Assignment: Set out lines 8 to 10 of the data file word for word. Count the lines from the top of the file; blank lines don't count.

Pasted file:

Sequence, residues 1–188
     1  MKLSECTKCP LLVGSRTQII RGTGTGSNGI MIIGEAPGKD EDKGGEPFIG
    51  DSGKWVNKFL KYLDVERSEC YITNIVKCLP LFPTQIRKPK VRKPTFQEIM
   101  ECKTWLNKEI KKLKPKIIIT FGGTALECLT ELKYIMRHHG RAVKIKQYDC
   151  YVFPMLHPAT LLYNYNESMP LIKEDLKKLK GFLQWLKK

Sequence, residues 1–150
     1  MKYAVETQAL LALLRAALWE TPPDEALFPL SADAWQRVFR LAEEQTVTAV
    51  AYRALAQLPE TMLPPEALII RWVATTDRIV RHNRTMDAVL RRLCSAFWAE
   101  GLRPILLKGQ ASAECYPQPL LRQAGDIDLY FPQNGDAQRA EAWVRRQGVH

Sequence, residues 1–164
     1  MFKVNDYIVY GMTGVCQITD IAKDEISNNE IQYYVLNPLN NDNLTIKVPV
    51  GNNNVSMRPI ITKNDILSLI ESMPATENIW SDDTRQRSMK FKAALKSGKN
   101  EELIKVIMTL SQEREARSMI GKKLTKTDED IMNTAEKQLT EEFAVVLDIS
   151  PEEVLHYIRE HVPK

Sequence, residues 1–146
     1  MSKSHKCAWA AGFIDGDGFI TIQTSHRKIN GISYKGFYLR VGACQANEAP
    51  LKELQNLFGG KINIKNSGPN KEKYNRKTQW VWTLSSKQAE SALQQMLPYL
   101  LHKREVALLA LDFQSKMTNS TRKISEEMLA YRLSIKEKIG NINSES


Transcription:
    51  AYRALAQLPE TMLPPEALII RWVATTDRIV RHNRTMDAVL RRLCSAFWAE
   101  GLRPILLKGQ ASAECYPQPL LRQAGDIDLY FPQNGDAQRA EAWVRRQGVH

Sequence, residues 1–164